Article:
The dryland season might be over for another year, but that doesn’t mean you and your dog have to hibernate till Spring! In fact there are a lot of other fun activities to do with your dog during the winter months: skijoring, kickledding, snowshoeing, and especially canicross. The cool winter weather can be ideal for canicross.
However, there are a few things to keep in mind. Here’s what you need to know to make sure you and your dog can maximize your winter canicross adventure!
Pause for Paws
Trim the Floof!
There’s a bit more prep that goes into getting your dog ready for a run during the winter season. For dogs with furry toes, it’s a good idea to clip the fur to avoid forming snowballs, which can be really painful and annoying for your dog.
No Salt, No Problem
Also, try to avoid trails where salt has been applied to the surface. If you can, consider investing in winter booties for your dog.
Another option is to apply a waxy balm, such as Musher’s Secret, on their pads and in-between their toes. This helps to create a barrier to protect their sensitive paws from the cold, snow buildup, and salty conditions. Just make sure to wipe their paws clean to avoid any salty residue, and to keep your floors clean.
Dogs in Coats
On frigid days, you might want to consider putting a coat on your dog - just be careful they don’t overheat. You can check this by placing your hand on your dog’s chest under their coat. You should do this before your run as well, so when you check during your run, you have a baseline comparison.
Most dogs will not require a coat during their run, but it is generally a good idea to use a coat on short-haired dogs to help them warm-up before you get going in earnest on extremely cold days.
Dress for success
Despite the cold weather, it’s surprising how fast you warm up during a run. Plan to dress as if it is at least 10 degrees warmer than the actual temperature. The key is to keep sweat away from your body with a moisture wicking base layer. For truly frigid days, wind-proof, fleece-lined leggings or pants will keep your legs toasty warm. Make sure to cover your neck. A buff is useful to pull over your mouth as well. Mitts are also a great way to keep your fingers warm.
When it comes to shoes, consider a good pair of trail shoes with deep traction lugs. These are great for snow covered trails. For maximum traction, especially when there are icy spots on the trail, you might want to consider investing in shoes with built-in spikes.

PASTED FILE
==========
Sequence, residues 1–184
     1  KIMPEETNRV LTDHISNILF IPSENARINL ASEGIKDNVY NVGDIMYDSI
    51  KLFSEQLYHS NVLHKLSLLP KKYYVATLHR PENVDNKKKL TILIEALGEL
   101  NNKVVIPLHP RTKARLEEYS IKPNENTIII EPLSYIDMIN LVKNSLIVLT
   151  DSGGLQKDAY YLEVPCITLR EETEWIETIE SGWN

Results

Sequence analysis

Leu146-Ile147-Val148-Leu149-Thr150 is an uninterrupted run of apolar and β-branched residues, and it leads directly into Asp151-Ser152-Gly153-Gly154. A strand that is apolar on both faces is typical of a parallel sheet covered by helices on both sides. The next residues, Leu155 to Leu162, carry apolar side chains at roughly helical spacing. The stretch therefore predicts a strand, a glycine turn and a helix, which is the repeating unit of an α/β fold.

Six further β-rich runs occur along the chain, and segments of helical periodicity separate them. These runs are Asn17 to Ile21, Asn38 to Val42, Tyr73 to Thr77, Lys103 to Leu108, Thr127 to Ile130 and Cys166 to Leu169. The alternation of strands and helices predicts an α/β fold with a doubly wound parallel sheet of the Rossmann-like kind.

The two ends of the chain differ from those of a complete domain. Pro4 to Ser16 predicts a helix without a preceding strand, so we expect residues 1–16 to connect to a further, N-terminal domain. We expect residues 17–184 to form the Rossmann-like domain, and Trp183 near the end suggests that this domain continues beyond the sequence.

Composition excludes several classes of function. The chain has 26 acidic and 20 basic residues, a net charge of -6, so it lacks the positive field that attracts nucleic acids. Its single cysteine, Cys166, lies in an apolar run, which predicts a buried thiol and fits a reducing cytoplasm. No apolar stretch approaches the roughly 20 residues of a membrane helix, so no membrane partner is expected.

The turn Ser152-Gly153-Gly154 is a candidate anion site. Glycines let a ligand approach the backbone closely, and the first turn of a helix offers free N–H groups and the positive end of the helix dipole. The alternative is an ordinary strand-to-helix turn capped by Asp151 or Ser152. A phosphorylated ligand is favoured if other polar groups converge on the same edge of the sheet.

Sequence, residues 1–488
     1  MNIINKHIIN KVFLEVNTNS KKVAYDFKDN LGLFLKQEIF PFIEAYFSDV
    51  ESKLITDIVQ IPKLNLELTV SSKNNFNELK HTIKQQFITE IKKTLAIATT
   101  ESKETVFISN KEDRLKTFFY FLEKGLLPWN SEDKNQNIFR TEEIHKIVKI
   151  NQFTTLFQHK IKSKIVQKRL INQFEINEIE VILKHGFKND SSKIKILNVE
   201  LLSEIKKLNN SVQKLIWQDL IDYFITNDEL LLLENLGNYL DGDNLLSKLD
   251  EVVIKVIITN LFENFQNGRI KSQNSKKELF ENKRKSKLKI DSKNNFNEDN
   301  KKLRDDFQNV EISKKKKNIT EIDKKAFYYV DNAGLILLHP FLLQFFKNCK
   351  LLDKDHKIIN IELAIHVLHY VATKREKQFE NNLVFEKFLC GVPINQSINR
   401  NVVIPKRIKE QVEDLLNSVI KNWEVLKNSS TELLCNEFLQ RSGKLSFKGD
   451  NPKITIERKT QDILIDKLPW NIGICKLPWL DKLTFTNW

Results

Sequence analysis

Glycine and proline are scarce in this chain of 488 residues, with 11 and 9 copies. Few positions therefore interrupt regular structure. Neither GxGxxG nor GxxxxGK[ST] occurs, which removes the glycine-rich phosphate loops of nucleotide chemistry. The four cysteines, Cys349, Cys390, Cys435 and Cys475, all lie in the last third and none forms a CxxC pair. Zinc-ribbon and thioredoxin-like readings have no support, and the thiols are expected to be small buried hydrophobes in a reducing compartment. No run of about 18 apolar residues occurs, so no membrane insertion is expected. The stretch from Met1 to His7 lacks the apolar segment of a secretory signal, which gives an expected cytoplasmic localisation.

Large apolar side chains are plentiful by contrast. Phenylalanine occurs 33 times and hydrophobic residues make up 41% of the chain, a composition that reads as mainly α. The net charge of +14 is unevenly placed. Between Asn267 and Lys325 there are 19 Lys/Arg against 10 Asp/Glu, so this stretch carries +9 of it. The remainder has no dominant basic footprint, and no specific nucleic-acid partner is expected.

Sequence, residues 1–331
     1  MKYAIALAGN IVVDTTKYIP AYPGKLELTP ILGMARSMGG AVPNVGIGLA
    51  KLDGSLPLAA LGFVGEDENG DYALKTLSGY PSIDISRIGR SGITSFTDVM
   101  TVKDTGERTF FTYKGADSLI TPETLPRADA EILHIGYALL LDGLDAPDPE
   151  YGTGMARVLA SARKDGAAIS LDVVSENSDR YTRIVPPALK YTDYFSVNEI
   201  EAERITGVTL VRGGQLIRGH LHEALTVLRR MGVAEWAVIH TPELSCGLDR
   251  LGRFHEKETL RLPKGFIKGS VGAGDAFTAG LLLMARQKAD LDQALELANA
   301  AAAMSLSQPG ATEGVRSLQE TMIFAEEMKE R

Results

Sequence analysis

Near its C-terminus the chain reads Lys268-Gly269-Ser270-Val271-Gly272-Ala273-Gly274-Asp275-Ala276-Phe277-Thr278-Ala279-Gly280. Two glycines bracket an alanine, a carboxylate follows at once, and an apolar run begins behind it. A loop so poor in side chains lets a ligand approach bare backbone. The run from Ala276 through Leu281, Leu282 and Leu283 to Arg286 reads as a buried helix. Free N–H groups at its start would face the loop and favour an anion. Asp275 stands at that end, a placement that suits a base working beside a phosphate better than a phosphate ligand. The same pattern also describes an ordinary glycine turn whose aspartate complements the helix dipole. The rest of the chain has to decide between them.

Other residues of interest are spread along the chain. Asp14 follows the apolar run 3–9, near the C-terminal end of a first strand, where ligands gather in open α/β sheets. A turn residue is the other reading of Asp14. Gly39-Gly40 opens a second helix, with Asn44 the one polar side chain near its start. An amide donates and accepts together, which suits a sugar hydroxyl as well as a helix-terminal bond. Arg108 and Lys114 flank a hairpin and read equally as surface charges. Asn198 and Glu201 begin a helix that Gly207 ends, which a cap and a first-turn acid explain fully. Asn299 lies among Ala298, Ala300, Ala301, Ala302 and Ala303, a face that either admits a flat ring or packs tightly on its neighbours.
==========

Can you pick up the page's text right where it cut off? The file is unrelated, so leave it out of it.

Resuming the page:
Alternatively, you can use small hexagon screws on any running shoes or crampons that slip on over your shoes. Note, if you use crampons, you'll want some that stay on tight!
Hello Darkness, my old friend…
Oh the dreaded darkness of winter…. If you’re lucky enough to be able to run during the daylight hours, please do so. Our club canicross runs on the weekend are also a great option! However, if you'll be running in the dark, here are our best tips!
Get a Headlamp
For night-time adventures, you want to invest in a bright headlamp that lights up the trail as much as possible!
You not only want to SEE, but also to BE SEEN, so don’t forget to use reflective gear for both you and your dog. Most quality harnesses have some reflective stripping, but there are many cool options for adding extra lighting to your gear, including armbands, dog collars & lights, tags, and reflective tape.
Go ahead and light up your team like a Christmas tree!
Just not literally Fido!!
Trails and Tribulations
Choose your trails wisely!
Your best option is to run on snowless and iceless dirt trails, but let’s be real, those are hard to come by this time of year, especially if you live in Atlantic Canada. Stick to multi-use trails and aim for relatively packed down snowy trails where possible. The groomed ski trails at local parks might look perfect for canicross, but these trails are typically off-limits and restricted to skiing only. Respect the trail etiquette rules. When you are planning a run, it’s a good idea to go for a walk (or a dogless run) to scout out the trail beforehand. It’s a great way to warm up and if you find it hard to walk, it’s going to be worse for canicross.
With the added power and speed of your dog companion, things can get ugly very quickly. Speaking of which, stay away from ice!! It doesn’t take much to slip on a tiny patch of ice in the middle of January in the backwoods of Irishtown Nature Park. Believe me, I’ve been there! Two broken bones, surgery, and a cast for 7 weeks definitely put a damper on my canicross training. Slippery conditions can also be a bad idea for your dog, causing them to overstretch and tear muscle or damage ligaments.